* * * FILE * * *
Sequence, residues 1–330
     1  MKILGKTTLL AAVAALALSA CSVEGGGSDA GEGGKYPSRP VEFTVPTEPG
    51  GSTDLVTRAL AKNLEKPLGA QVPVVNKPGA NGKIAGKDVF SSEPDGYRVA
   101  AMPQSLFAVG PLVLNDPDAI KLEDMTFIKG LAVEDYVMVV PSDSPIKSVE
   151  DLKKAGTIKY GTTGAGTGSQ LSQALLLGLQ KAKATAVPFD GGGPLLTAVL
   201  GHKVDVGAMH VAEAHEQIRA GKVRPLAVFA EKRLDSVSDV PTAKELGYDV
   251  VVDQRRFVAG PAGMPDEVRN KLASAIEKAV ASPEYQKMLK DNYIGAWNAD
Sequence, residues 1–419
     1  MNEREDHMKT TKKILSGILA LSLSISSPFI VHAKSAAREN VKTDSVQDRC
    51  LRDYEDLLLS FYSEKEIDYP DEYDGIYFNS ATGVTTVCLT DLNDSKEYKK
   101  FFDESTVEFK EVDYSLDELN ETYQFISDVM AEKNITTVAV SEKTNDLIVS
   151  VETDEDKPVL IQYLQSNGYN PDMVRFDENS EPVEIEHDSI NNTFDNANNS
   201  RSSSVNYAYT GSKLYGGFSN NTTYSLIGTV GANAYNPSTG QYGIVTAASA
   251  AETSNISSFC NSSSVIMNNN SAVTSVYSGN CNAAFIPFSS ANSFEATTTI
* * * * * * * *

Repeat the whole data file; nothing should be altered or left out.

Sequence, residues 1–330
     1  MKILGKTTLL AAVAALALSA CSVEGGGSDA GEGGKYPSRP VEFTVPTEPG
    51  GSTDLVTRAL AKNLEKPLGA QVPVVNKPGA NGKIAGKDVF SSEPDGYRVA
   101  AMPQSLFAVG PLVLNDPDAI KLEDMTFIKG LAVEDYVMVV PSDSPIKSVE
   151  DLKKAGTIKY GTTGAGTGSQ LSQALLLGLQ KAKATAVPFD GGGPLLTAVL
   201  GHKVDVGAMH VAEAHEQIRA GKVRPLAVFA EKRLDSVSDV PTAKELGYDV
   251  VVDQRRFVAG PAGMPDEVRN KLASAIEKAV ASPEYQKMLK DNYIGAWNAD
Sequence, residues 1–419
     1  MNEREDHMKT TKKILSGILA LSLSISSPFI VHAKSAAREN VKTDSVQDRC
    51  LRDYEDLLLS FYSEKEIDYP DEYDGIYFNS ATGVTTVCLT DLNDSKEYKK
   101  FFDESTVEFK EVDYSLDELN ETYQFISDVM AEKNITTVAV SEKTNDLIVS
   151  VETDEDKPVL IQYLQSNGYN PDMVRFDENS EPVEIEHDSI NNTFDNANNS
   201  RSSSVNYAYT GSKLYGGFSN NTTYSLIGTV GANAYNPSTG QYGIVTAASA
   251  AETSNISSFC NSSSVIMNNN SAVTSVYSGN CNAAFIPFSS ANSFEATTTI